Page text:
The Orchestra Now Celebrates Beethoven was led by Leon Botstein in this, the first of two concerts dedicated to the composer. This first edition of the Belated Beethoven Birthday Celebration series presented the composer’s beloved 5th and 7th Symphonies and his Triple Concerto in C major, Op 56. The concert was introduced by acclaimed novelist and chemist Emmanuel Dongala. Preceding Maestro Botstein, one of the orchestra’s trombonists, described some of the 5th symphony’s characteristics while expressing the challenges and difficulties of performing on stage with masked musicians set 6 feet apart. It was pleasing to have a live audience in place, also set 6 feet apart in conformance with CDC guidelines, with critical participants sharing their vitality, validation, inspiration, and gratitude with artists.
Akin to the Beethoven Symphony No. 5 in C minor’s premiere on December 22, 1808, in Vienna, Maestro Botstein raised his baton in this unique setting, summoning the dramatic opening four-note motif, this streak of lightning, conceived by Beethoven as “Fate knocking on the door,” introducing what expresses Beethoven’s genius in developing an economical, simple musical idea into a titanic clash, a masterpiece of grand proportion from inception to maturity.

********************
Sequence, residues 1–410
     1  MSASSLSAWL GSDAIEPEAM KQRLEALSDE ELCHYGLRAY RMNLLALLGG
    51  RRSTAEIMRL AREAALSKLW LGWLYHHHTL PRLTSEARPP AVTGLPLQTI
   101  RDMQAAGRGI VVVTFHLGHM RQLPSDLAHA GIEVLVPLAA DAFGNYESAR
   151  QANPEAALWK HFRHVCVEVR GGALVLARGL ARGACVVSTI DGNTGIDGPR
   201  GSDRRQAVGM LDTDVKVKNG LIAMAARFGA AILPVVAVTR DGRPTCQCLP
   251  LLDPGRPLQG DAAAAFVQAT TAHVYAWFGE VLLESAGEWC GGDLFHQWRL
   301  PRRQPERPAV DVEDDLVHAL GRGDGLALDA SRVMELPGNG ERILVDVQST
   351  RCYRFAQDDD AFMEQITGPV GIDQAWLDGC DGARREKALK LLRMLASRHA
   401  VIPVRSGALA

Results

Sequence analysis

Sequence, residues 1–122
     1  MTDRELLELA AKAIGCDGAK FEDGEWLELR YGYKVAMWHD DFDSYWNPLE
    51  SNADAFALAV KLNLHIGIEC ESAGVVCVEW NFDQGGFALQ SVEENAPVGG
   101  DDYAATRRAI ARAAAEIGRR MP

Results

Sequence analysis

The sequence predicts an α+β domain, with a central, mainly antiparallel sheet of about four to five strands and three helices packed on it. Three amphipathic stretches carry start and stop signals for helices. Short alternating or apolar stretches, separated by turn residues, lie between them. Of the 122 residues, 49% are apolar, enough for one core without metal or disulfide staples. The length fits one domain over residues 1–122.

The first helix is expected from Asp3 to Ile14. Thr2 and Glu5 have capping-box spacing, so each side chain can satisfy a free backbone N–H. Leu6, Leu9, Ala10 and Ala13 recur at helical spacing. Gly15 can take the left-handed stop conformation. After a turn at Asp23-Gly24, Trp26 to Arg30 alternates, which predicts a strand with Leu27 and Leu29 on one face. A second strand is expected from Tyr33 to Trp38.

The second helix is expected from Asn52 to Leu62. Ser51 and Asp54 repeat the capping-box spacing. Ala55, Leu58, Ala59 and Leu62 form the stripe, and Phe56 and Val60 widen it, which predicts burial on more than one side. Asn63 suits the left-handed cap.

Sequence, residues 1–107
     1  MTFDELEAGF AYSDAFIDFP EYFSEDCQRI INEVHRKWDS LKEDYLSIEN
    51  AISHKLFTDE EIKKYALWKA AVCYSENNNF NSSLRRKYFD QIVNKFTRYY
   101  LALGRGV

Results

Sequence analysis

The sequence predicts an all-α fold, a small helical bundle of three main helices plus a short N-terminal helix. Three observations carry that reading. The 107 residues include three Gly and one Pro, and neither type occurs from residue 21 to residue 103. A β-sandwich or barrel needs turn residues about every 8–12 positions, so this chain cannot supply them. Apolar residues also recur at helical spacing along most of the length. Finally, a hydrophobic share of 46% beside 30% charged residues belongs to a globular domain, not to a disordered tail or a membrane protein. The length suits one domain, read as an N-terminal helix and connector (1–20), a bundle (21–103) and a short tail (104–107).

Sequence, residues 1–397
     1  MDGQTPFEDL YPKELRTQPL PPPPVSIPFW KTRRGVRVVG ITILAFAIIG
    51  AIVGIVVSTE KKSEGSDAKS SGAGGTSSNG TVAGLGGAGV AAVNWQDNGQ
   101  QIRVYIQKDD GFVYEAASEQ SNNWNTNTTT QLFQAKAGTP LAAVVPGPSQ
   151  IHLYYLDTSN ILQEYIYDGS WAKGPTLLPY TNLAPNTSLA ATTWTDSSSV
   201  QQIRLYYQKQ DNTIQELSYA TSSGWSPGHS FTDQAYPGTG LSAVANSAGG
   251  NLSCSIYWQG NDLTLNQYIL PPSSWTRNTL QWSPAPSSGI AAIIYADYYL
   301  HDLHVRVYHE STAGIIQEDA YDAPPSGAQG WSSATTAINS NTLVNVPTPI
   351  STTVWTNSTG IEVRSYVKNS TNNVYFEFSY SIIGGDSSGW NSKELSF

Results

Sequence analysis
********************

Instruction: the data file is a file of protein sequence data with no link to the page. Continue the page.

This fine ensemble consisting of The Orchestra Now graduate students was set tonight as a Sinfonietta orchestra. Through the 5th and 7th symphonies, Botstein and The Orchestra Now provided a stirring, well-crafted tribute to Beethoven, expressing the music’s import in a remarkable setting. It’s notable that these works are frequently performed today with an orchestra consisting of 60 or so string players plus winds, brass, and percussion. Tonight’s setting is perhaps akin to the early Mannheim Court Orchestra, providing an effective, lighter texture in this era of modern orchestras performing works like Mahler’s 8th Symphony with 120 musicians with two choirs with 32 singers each, plus a boys’ choir and eight soloists, or even Schoenberg’s Gurrelieder (1910) with 84 stringed instruments. Tonight’s exposed medium required refined, accomplished musicians who clearly comprised the ensemble. We were not disappointed, experiencing a satisfying venture into Beethoven’s oeuvre. One might reflect on the simpler piano of Beethoven’s era compared to the power of a modern nine-and-a-half-foot-long Bösendorfer Imperial Concert Grand piano. The concert was masterfully recorded and filmed, sufficiently acknowledging The Orchestra Now artists’ meeting the challenges of effectively presenting grandiose music in an intimate yet expansive stage setting.
The Triple Concerto for violin, cello, and piano (1804) was introduced to the audience by an orchestra trumpeter. Baton in hand, Maestro Botstein initiated the work featuring Australian-American violinist Adele Anthony, first-prize winner of the prestigious Carl Nielsen International Violin Competition in 1996; cellist Peter Wiley, a member of the Beaux-Arts Trio from 1987 to 1998; and internationally acclaimed pianist Shai Wosner. Masterful performances all.